That 20-minute video is well worth a watch and back there I had to restrain myself from quoting the transcript in full. On a tenuously festive tip, the bit about the Tofa language of Siberia might teach you something about the classification of reindeer.

What’s the point of Twitter?

twitter google trends 2008
Google searches for “Twitter” over time, source: Google Trends

This graph shows the huge increase in searches for the word “Twitter” on Google. It could be said to roughly correspond to the service’s popularity and importance.

Or maybe, for some of the non-adopters, it signals their rising levels of scepticism and annoyance in constantly hearing about it.

After some heavy field testing, I have discovered that Twitter is not exclusively for smug fools. Actually I have even stopped coyly referring to an update as a “Twitter post” and just started saying “tweet” like everyone else. Indeed.

Yes you ARE justified in feeling a little online service sign-up fatigue, but this is not another Facebook. The tweet hype will increase well into 2009, so you may as well try it. At least to avoid that kind of feeling of being the only person not on pills at a student disco.

Here’s a decent Twitter tutorial and here’s a persuasive intro to Twitter by Tim O’Reilly, the tech publishing overlord.

Such a medium gives tiny glimpses into the everyday. So if you were ever to meet Tim O’Reilly you could ask him about, say, his horses. That kind of question is officially not weird anymore – should it be that you find yourself stuck for an opener, meekly cowering beneath his guru beard.

The existence of a communication platform based on 140-character messages shouldn’t be shocking. Text messages have been widespread for about a decade. Yet, even among tech people, some of the admittedly valid criticism of Twitter points to this issue of brevity.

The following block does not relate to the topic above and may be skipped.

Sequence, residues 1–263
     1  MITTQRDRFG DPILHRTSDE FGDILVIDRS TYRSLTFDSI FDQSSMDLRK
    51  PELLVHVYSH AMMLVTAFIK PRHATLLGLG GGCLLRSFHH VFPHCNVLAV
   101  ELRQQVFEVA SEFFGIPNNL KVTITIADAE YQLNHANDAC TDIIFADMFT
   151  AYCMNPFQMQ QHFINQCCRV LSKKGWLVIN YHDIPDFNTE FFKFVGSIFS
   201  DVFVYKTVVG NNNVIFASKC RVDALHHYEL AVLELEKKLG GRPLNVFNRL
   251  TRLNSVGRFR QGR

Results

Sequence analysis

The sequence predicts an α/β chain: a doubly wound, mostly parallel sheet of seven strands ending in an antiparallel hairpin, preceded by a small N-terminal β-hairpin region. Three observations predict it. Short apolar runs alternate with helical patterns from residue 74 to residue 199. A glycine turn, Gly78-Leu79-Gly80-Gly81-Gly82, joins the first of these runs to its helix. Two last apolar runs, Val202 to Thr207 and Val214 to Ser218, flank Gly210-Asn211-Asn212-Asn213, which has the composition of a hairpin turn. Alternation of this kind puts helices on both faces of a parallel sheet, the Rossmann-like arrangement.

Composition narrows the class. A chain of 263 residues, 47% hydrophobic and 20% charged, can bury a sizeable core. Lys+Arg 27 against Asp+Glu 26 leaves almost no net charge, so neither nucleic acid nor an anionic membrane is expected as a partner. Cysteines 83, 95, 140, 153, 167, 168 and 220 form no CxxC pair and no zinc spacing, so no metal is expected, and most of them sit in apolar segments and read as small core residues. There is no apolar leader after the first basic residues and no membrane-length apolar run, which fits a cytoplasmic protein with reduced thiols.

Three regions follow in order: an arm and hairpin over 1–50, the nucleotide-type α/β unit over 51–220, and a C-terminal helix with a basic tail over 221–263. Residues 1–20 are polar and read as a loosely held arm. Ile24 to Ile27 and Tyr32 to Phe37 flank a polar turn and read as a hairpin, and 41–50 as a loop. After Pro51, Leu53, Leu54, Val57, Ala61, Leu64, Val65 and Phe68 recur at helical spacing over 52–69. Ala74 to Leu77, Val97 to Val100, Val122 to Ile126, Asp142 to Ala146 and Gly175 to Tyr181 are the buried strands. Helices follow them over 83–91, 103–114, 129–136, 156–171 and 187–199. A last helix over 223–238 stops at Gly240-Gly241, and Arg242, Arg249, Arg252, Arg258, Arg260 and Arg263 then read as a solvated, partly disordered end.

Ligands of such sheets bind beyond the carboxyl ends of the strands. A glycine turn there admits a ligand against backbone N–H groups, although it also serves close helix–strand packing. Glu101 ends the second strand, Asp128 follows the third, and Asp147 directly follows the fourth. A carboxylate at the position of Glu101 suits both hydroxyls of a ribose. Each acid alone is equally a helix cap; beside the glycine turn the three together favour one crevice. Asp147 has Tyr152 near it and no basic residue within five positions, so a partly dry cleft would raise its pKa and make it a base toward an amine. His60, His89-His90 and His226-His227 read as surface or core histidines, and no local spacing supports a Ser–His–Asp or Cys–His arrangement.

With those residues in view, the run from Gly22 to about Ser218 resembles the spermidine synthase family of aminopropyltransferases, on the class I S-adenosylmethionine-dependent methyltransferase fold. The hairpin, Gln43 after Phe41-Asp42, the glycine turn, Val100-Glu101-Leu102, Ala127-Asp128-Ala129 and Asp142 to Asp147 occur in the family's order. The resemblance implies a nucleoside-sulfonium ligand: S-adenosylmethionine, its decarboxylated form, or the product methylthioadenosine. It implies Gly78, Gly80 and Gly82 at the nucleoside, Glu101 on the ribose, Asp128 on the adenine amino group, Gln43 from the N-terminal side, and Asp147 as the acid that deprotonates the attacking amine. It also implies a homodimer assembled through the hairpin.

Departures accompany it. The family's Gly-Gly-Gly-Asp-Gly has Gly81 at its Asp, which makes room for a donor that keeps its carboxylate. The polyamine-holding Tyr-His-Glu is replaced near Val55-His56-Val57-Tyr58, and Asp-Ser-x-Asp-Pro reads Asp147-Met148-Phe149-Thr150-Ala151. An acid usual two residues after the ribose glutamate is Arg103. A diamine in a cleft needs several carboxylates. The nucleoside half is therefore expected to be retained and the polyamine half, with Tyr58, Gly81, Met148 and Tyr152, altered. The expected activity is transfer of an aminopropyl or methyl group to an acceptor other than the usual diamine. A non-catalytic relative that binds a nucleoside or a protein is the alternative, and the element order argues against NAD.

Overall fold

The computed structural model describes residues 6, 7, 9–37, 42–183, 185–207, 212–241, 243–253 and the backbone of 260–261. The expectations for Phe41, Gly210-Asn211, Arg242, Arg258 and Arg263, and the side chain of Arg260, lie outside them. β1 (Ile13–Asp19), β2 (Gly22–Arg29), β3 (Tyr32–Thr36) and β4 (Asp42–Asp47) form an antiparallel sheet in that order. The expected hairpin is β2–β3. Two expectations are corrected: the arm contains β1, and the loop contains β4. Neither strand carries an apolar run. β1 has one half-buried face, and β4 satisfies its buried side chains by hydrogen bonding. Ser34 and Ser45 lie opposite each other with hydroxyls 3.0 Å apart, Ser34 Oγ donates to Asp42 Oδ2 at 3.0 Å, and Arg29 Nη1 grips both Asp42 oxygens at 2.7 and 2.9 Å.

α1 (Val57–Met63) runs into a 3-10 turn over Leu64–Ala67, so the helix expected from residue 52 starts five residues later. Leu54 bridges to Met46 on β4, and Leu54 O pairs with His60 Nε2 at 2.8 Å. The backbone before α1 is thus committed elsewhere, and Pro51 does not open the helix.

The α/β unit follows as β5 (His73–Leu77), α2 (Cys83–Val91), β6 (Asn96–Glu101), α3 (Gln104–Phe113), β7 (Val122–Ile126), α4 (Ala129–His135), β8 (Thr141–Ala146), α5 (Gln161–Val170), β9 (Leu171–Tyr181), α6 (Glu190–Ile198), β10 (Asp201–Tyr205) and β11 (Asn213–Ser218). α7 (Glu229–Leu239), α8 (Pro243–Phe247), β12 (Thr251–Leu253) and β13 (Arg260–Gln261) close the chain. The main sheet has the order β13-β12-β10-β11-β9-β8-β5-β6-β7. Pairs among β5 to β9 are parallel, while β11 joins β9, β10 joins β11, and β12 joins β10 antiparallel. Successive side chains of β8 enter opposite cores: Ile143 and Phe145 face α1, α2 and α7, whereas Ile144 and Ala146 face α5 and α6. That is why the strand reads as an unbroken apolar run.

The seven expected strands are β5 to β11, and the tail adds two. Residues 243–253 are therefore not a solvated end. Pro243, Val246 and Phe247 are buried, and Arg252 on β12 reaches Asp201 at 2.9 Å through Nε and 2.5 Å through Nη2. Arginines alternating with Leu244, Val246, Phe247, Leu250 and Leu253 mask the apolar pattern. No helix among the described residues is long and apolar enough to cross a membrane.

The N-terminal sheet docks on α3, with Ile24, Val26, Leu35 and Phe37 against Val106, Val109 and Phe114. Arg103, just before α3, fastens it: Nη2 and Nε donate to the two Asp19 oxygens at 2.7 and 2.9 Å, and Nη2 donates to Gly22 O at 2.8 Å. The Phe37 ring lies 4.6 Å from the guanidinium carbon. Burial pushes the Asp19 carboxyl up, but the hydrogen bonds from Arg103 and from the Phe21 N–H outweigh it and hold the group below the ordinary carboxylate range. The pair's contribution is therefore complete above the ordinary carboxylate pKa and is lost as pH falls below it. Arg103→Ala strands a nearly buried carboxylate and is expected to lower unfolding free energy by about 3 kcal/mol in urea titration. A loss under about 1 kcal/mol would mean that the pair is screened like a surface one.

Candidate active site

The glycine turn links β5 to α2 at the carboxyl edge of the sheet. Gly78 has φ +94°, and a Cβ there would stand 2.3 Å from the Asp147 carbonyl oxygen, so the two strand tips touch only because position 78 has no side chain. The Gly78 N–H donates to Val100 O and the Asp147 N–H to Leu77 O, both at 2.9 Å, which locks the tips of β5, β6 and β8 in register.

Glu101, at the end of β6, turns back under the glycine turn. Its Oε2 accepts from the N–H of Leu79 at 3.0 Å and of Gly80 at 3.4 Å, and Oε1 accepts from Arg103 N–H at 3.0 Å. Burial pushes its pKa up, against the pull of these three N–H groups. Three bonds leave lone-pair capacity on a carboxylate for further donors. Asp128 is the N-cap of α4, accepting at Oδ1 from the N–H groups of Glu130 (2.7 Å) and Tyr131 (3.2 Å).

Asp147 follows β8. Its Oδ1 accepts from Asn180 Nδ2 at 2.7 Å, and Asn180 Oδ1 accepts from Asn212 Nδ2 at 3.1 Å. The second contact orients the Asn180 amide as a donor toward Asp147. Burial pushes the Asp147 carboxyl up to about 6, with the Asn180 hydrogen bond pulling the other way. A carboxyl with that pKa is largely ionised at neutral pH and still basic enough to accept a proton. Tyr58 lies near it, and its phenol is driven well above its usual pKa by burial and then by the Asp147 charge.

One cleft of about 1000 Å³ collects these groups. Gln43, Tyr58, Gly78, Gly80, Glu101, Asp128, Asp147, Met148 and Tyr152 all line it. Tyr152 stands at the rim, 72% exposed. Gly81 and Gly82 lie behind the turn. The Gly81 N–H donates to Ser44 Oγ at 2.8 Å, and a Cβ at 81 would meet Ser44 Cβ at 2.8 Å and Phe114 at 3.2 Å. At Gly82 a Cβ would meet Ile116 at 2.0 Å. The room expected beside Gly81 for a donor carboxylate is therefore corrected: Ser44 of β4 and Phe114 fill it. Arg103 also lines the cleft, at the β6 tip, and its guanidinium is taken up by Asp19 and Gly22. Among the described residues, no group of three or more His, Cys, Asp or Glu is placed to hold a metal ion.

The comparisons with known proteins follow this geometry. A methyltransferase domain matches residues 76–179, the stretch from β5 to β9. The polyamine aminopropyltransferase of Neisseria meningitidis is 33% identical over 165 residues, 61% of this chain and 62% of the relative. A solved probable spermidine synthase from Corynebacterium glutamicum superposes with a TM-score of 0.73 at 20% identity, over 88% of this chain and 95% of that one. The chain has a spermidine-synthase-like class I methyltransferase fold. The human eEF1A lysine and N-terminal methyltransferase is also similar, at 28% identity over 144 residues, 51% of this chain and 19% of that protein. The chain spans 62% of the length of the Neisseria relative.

Other than being the soul of wit and all that, this is a definite limitation. But every medium has features which can manifest as weaknesses.

Nobody’s suggesting this should be the optimum or dominant form of communication between you and me. It can just augment and support what already exists and fill a niche of its own, just as conventional text messaging has done. Besides, a big part of the appeal are web links which telescope off into bigger “messages”.

As you read people’s tweets over time, you build up impressions. Twitter is months of agonising smalltalk, crushed down to the basic eigenvectors.

So I am intrigued by the pure economy of Twitter communication. It reminded me of other things – its precursors, especially other technologies.

My dad isn’t on Twitter, but when we’re apart he and I often communicate by SMS. The text message he frequently sends me is:

ok

That’s it – low fat communication with no caps, no punctuation, no salutation, no sign-off. A mere two letters and with that the most commonly recognised word in the English language.

My brother gets them too and it’s become a small point of reference in conversation between the two of us. It’s one of those trivial but cherished things that families have in common.